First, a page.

no other effects than to frustrate an British nation, all ulterior proceedings enterprise already far advanced; to should be suspended. expose the safety of many patriots to In addition, your excellency comthe vengeance of Elio; to excite an bines your mediation with the armisuniversal convulsion among the pro- tice ; and, should a negotiation take vinces, and the abandonment of our place, General Elio would continue to expectation to fluctuating opinion. hold all the authority of viceroy, This would surely be to act against wherewith he is invested by the junta the principles of our institution, and of Cadiz, at least in that place which to raise again the colonial system which he now occupies; but this would in. our hands destroyed. This junta en volve a contradiction in principles: tertain too high an idea of the pene. Elio, and the illegitimate power from tration of your excellency, to attribute which he derives his authority, would your proposal to any other motive than remain triumphant over our rights bean unacquaintance with occurrences fore the termination of the dispute which are obscured by distance.
The unlimited confidence which this · In respect to the mediation which junta has in the pure intentions of your excellency has proposed to re- your excellency, convinces us that move the differences which subsist be- you have no other object in view than tween these states and the peninsula, to unite the political ties which subnothing could be more satisfactory to sist in common betwixt both nations ; this junta than to place their cause in but your excellency may rest assured. hands so faithful and generous as those that if the state of our negotiations do of the British cabinet. The good not permit us to adhere to them, our faith which characterizes it, and the friendship towards Great Britain shall identity of its interests with ours, are not be less firm, nor our consideration circumstances which assure us of its of your excellency less high. fidelity. But the junta cannot dis- · God preserve your excellency many cover reasons, to authorize them at years. present to avail themselves of such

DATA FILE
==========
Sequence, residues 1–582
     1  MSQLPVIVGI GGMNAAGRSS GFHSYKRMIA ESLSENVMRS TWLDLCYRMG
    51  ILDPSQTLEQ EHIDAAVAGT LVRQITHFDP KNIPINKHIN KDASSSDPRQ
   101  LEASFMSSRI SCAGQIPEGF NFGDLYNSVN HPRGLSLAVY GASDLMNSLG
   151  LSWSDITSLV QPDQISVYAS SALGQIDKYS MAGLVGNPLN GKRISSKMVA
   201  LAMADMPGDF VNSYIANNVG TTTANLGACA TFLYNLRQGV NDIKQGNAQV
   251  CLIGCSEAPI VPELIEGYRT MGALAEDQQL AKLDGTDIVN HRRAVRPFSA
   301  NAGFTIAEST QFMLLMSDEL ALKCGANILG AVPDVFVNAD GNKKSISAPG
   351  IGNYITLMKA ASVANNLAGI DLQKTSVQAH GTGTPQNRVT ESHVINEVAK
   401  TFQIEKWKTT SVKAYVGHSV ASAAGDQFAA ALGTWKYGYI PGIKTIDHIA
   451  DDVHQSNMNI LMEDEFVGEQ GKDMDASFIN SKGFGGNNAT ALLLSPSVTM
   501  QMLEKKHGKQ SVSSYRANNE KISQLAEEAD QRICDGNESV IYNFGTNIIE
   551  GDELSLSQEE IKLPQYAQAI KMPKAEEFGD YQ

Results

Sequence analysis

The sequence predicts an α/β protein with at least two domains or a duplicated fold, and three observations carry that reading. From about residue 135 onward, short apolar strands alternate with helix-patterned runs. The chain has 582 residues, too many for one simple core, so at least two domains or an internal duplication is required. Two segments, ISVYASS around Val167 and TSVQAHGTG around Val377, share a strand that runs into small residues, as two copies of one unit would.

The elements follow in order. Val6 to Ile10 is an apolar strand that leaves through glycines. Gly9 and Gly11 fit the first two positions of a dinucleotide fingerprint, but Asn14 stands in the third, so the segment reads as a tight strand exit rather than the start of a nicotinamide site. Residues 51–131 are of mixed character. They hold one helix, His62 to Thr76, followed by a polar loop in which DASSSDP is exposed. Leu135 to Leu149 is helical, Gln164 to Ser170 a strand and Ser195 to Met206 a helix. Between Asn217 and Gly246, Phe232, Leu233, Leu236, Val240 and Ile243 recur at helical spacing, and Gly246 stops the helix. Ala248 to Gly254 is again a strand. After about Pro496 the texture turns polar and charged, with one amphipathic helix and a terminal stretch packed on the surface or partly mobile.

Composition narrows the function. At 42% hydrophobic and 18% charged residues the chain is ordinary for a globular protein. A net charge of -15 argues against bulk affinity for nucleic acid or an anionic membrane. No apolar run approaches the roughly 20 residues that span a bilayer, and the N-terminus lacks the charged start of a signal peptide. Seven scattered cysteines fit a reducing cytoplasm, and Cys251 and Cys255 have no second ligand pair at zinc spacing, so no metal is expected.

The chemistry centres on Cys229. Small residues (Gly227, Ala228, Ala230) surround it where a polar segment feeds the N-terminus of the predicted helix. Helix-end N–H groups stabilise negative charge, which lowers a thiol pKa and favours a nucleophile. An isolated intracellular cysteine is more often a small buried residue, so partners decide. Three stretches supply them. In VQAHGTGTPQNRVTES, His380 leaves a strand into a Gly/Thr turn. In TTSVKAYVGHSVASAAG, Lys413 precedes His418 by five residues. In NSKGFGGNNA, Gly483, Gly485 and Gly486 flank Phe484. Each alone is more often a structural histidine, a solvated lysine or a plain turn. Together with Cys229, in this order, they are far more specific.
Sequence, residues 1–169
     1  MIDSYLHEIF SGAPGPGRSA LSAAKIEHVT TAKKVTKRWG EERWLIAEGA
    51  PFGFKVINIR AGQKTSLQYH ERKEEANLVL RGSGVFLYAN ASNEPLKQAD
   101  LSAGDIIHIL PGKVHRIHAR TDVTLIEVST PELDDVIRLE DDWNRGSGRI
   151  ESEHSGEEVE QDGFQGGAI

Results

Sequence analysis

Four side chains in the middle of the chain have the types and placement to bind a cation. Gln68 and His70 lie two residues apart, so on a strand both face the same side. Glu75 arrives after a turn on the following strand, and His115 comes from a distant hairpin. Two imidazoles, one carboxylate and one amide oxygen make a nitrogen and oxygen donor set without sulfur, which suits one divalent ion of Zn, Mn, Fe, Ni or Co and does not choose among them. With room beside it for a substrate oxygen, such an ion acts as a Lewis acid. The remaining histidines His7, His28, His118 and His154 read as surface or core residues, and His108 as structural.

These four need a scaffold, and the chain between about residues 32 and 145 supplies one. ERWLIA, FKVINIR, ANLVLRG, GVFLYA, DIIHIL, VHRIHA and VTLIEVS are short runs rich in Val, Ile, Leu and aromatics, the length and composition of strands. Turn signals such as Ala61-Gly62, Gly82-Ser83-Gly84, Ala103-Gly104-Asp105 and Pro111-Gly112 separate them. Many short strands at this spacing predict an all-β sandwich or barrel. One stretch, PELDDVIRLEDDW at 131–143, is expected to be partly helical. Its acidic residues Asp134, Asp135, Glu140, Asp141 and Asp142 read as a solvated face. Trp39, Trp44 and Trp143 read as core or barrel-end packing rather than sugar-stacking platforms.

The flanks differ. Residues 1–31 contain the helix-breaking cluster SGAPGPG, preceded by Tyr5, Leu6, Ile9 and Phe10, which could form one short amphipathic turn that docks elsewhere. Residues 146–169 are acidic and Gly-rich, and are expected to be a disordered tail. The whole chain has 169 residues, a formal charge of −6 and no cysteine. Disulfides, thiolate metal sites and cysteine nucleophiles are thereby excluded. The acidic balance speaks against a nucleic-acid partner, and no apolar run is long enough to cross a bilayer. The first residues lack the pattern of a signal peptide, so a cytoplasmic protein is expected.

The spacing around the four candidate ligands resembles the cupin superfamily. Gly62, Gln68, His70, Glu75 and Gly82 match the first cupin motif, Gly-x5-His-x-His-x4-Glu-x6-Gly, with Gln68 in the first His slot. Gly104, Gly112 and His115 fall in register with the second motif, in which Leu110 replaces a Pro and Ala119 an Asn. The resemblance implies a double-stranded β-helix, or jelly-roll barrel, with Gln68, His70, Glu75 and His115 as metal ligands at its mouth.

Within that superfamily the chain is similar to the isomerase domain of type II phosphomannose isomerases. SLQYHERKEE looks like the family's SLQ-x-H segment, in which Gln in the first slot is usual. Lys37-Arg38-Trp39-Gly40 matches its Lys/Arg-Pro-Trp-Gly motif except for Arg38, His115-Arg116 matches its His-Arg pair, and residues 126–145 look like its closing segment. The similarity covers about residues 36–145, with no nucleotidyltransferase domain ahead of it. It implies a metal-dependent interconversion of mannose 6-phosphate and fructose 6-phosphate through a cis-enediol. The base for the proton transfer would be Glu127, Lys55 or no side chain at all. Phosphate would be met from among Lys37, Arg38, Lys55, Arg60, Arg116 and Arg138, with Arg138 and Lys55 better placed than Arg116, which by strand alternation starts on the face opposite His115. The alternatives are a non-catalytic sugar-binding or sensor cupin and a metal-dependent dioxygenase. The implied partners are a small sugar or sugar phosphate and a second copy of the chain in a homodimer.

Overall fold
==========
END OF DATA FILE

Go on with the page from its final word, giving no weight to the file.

THE MEMBERS OF THE JUNTA. mediation.
Buenos Ayres, May 18th, 1811, · The peninsula is no more than a To his Excellency part of the Spanish monarchy, and Lord Strangford, &c. that so maimed, that it would be noi small concession to put it upon an equality with America. It, therefore, Paris, June 16th -Speech of the follows, from this principle, that the French Emperor to the Legislative peninsula cannot hold any authority Body... over America, northisover that. Were the English cabinet to act the part · Gentlemen Deputiesof Departments of an impartial mediator, it would be to the Legislative Body, a precise acknowledgment of the in- . The peace concluded with the Emdependence of the two states. On peror of Austria has been since cemente the other hand, were the British cabineted by the happy alliance I have conpossessed of an idea of our inferiority, tracted: the birth of the King of it would not be surprising that the Rome has fulfilled my wishes, and result of a negotiation would be to satisfies my people with respect to the grant us much less by way of favour future. than we deserve in justice. Therefore,. The affairs of religion have beer until we can know the opinion of the too often mixed with and sacrificed to